Innocent, Incarcerated, and Years Lost.

Imagine being sentenced and placed in prison for a crime that you did not commit. Doesn’t it give you chills just thinking about it? I know that when I imagine myself in a situation like that, I immediately begin to panic.  And know what the saddest part of this is, well, it’s sad that it happens often, in this country of freedom.  Now I know that some of you may be quick to argue that this is the land of freedom but not everyone has had that same experience.  Of these people, you can find Juan Roberto Melendez and Greg Wilhoit, men who spent a combined 23 years of their lives on death row before being exonerated.

While I won’t go much into depth regarding their cases—you can always go to this link and read their stories with more detail.

So with that said, I want to talk more about the experience that I had while attending this event.  I must admit that while I sat in my chair, I began to feel antsy about being able to see the men who were stripped of their freedom for years. I couldn’t, and still can’t, imagine how both of these men felt as they repeatedly claimed their innocence without avail.  I mean, how would you feel about being threatened repeatedly with losing your life (death penalty) if you did not admit to committing the crime at hand, when you were innocent? I also wondered what each man would be like—Bitter? Happy? Angry with your criminal justice system?

Juan was the first to speak and I must say that he is such a great, lively speaker! He re-told his story in a way that made you feel like you were experiencing what he did.  It almost made me feel like I was watching a movie.  What also surprised me was the fact that although Juan had given up many years of his life for a crime that he did not commit, he did not seem bitter; rather, he seemed grateful. Grateful to be free.  I especially enjoyed when he stated to his audience that he did not “understand why people get bored, when there are simple things in life to enjoy.” That sentence alone made me realize that his words are true. We should enjoy everything in life, whether it be good or bad.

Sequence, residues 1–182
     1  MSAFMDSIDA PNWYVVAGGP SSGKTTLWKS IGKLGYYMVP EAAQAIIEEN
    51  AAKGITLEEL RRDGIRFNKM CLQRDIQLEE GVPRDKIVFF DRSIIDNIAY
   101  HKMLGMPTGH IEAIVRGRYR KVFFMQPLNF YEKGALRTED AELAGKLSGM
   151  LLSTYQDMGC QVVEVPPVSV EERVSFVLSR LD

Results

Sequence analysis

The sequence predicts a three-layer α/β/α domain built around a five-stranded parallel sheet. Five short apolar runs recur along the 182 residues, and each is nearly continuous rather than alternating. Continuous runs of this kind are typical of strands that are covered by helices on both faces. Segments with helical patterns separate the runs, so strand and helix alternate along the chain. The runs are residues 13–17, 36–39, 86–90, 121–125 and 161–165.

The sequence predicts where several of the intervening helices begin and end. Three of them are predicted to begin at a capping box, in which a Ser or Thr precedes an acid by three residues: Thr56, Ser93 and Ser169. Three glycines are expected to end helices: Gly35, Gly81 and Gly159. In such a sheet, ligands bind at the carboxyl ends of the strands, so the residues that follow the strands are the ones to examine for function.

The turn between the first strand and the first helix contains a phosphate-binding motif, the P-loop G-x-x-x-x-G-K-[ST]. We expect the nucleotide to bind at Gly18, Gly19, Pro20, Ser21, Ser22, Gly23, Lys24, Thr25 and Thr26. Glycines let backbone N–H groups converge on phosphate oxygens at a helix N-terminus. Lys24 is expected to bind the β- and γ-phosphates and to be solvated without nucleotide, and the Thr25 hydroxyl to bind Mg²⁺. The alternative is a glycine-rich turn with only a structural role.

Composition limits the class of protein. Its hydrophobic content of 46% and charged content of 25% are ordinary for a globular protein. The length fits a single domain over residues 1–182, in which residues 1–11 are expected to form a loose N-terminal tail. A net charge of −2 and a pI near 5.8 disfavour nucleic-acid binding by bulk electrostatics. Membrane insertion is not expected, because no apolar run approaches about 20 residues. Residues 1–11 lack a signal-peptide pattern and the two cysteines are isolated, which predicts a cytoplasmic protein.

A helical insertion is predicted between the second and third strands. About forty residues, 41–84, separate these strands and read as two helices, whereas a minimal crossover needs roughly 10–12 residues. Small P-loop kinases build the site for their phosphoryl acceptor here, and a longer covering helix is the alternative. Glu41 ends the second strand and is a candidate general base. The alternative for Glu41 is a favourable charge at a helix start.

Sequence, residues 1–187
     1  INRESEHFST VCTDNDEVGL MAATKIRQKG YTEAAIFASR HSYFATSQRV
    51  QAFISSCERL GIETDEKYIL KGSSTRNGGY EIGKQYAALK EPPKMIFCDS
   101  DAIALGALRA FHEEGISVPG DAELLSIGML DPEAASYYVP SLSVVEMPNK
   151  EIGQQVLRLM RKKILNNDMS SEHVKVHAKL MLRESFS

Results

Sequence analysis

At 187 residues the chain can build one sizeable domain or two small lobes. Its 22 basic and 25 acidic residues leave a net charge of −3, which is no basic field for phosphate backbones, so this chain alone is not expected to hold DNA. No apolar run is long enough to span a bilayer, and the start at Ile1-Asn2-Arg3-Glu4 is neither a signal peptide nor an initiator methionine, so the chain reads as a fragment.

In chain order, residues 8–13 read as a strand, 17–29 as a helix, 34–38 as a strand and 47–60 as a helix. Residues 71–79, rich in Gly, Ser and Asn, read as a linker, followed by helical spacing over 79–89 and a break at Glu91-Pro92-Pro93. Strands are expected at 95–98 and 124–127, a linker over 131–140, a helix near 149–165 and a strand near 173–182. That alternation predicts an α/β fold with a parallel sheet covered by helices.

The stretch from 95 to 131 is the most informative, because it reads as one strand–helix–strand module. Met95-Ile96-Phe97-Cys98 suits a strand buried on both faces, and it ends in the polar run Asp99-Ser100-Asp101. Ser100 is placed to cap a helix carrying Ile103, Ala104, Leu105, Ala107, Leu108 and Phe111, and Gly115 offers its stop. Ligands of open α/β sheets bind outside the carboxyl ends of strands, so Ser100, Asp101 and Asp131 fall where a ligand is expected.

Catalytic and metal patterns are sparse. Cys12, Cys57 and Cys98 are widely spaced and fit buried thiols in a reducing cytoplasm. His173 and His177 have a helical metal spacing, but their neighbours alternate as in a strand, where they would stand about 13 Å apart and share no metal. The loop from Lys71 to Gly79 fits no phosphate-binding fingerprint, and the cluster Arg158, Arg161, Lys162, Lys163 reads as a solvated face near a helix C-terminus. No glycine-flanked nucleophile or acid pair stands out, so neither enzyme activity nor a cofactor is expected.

Next to speak was Greg. Greg was a more timid, quiet man.  He went on to explain his story with much detail, and you can tell that it still affected him greatly to repeat his story.  He would be silent for a few seconds, apologize, and then continue where he left off.  Greg was been accused of murdering his wife, and just like Juan, he repeated his innocence various times without any acknowledgment.  Rather, he was repeatedly threatened with the sentence of a death penalty if he did not tell “the truth”. Can you imagine, not being able to tell the truth because you will die, while lying would go against your morals and will land you in prison anyway.  So what do you choose? Either way, evidence was later brought forth that helped exonerate Greg.

Overall, the stories of each of these men made me realize two major points. One, the criminal justice is not perfect, and sometimes, instead of serving justice, it creates unjust situations.  Second, there should be more awareness about the Oregonians for Alternatives to the Death Penalty, also known as OADP.  The mission of this organization is to “repeal the death penalty in Oregon as an essential step toward a more cost-effective, humane, and restorative response to violent crime, and thus toward safer, more peaceful and just communities.”  In case you are interested in learning more about this organization, I will provide a link.

It seems that both of these men provided me an opportunity to reflect upon my own life. Their stories served as lessons for me. All I can say is that if these two men ever make their way on this campus again, you should all take the opportunity to hear their life changing stories. I would also like to take the time to thank both Juan and Greg for taking time out of their lives to share their stories.

By Antonia Rojas 

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